Experts also pointed out that if Census Bureau officials started over and reprinted the questionnaire, or included an addendum, the bureau also would have to print other materials — such as instructions for “enumerators,” the census takers who go house to house.
“The citizenship question is a politically and emotionally charged question,” Groves said. “You’d have to print new training manuals for enumerators. Imagine yourself as an enumerator working in a neighborhood that has a lot of new immigrants … you would need to pick up some skills to express to them this is confidential information that can’t be used against them. This is a new challenge.”
3. Call them
After the initial self-response period, the Census Bureau begins a non-response follow-up phase for people who did not respond initially. In between, however, there is something called the “coverage improvement operations” — a large-scale effort by callers hired by the Census Bureau who reach out to respondents from the initial wave of voluntary responses for answers to questions that were not clear or were missing.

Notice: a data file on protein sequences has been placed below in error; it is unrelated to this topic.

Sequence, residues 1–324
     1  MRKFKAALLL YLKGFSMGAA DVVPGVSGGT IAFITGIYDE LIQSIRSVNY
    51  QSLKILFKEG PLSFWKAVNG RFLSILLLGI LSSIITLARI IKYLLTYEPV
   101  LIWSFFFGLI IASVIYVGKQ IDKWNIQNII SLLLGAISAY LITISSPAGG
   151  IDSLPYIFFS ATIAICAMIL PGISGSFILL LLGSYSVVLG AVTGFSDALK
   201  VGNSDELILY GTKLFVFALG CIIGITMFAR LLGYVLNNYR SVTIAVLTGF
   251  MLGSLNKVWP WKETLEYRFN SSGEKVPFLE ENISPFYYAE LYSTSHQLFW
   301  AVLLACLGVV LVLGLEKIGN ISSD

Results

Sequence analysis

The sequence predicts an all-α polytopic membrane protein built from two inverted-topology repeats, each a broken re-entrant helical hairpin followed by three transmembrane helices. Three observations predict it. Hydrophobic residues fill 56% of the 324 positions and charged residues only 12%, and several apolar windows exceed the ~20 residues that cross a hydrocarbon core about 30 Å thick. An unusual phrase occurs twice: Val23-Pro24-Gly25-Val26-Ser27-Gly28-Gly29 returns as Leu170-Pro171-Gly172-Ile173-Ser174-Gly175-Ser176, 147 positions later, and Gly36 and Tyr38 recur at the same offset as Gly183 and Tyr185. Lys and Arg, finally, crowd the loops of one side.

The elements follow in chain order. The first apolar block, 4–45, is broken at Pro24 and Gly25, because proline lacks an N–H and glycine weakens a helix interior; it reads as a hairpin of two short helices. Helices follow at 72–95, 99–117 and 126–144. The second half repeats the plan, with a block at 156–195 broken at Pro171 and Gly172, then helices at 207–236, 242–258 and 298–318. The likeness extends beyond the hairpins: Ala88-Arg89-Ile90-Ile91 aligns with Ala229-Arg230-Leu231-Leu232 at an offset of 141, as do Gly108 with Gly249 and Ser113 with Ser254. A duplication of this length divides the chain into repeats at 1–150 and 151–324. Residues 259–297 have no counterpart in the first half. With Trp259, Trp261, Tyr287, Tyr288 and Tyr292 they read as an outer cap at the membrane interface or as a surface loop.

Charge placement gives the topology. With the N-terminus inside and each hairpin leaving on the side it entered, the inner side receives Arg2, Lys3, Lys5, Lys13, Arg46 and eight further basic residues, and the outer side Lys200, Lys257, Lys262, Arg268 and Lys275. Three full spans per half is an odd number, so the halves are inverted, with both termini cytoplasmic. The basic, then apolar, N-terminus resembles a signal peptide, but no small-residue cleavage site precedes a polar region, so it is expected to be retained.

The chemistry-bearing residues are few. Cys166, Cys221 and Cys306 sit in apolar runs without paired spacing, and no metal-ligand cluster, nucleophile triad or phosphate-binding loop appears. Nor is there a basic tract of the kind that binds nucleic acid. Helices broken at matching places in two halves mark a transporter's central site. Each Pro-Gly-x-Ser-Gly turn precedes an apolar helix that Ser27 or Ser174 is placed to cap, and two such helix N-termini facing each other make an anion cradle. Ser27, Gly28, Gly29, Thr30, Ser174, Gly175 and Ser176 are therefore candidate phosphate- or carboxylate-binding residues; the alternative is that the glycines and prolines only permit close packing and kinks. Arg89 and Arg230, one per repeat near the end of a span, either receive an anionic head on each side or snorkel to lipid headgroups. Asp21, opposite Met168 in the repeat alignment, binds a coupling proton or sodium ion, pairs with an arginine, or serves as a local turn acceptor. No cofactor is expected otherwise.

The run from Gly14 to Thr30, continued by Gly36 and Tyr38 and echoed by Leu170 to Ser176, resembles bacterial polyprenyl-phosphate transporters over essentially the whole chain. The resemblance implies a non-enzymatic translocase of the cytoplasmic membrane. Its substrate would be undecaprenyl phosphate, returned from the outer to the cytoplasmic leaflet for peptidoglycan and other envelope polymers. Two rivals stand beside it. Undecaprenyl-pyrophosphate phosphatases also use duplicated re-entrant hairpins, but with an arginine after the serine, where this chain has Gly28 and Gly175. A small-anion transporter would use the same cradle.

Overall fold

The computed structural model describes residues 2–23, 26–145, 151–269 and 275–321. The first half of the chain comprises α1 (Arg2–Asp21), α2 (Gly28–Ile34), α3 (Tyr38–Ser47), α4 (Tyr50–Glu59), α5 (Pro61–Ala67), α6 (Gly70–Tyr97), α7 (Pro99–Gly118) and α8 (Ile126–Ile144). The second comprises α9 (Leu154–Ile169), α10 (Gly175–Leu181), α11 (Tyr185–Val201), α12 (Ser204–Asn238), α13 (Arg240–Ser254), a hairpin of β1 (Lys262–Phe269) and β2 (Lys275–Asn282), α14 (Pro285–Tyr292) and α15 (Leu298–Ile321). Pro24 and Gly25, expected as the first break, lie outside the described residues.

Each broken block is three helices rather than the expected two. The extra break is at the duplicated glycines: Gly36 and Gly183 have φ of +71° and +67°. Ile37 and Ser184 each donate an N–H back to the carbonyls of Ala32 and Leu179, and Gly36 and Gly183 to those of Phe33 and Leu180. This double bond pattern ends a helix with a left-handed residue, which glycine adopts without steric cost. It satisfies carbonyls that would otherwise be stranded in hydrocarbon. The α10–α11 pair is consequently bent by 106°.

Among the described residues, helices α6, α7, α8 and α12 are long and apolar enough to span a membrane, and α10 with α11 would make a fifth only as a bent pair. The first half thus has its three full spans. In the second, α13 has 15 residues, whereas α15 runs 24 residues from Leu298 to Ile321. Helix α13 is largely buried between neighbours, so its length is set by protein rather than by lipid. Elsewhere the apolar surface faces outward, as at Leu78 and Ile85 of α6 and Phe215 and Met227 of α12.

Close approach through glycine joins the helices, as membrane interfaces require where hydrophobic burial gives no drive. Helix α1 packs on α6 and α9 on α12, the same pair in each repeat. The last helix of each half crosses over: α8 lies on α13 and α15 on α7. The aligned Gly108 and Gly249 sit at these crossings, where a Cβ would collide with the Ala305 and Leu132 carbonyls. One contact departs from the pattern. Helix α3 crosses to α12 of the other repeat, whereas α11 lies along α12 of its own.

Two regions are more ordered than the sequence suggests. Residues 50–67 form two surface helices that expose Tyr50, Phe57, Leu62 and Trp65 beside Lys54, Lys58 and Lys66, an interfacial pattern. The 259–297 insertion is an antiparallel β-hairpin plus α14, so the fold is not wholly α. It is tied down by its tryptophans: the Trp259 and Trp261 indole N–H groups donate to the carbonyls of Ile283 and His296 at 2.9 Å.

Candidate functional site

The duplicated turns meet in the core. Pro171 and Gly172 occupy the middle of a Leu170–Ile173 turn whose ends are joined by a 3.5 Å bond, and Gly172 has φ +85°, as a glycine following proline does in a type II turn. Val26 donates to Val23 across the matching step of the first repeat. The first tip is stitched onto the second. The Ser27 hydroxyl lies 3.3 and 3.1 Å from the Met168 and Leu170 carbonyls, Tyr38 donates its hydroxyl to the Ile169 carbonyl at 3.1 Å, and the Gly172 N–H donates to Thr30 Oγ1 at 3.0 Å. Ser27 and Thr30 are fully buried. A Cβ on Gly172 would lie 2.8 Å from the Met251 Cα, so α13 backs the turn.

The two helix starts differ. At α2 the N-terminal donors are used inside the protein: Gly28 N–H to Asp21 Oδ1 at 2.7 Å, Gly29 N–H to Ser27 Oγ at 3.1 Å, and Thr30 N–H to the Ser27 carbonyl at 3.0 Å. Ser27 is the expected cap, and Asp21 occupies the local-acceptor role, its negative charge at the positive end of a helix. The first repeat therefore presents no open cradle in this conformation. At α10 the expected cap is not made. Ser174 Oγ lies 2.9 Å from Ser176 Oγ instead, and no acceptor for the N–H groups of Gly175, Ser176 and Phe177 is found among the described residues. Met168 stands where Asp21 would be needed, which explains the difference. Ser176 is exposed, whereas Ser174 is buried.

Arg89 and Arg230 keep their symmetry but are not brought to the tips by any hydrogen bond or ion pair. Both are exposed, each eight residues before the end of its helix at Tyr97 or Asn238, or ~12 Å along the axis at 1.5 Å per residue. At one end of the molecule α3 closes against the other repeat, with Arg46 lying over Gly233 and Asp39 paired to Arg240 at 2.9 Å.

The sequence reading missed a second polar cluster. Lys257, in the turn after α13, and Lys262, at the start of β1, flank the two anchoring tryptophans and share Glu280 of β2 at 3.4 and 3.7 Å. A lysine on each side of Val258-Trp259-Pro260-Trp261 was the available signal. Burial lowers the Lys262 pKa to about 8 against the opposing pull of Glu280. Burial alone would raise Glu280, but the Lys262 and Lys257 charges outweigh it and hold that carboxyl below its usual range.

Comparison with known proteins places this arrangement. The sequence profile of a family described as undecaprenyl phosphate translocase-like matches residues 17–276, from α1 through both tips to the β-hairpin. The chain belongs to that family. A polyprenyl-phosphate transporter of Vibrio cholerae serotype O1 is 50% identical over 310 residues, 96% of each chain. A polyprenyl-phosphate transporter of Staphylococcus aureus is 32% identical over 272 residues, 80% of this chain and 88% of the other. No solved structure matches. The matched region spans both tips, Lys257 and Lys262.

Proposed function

In theory, Groves and Prewitt said, the Census Bureau could use this protocol as a way to ask all respondents the citizenship question.
But the callers would have to receive fresh training on how to appropriately ask the question, Groves said. In addition, he said, coverage improvement operations have typically been staffed at levels that imagine callers reaching out a few million households with incomplete data — not tens of millions of them.
“The staffing of the call centers is not designed to be at this level,” Groves said.
There are other unique problems in this scenario.
“Even in 2019, not everyone has a telephone,” Groves said. “And actually, not everyone even writes their telephone number on the form in the first place. It’s an item where we tend to see the most missing data.”
Biden takes 3rd crack at New Hampshire presidential primary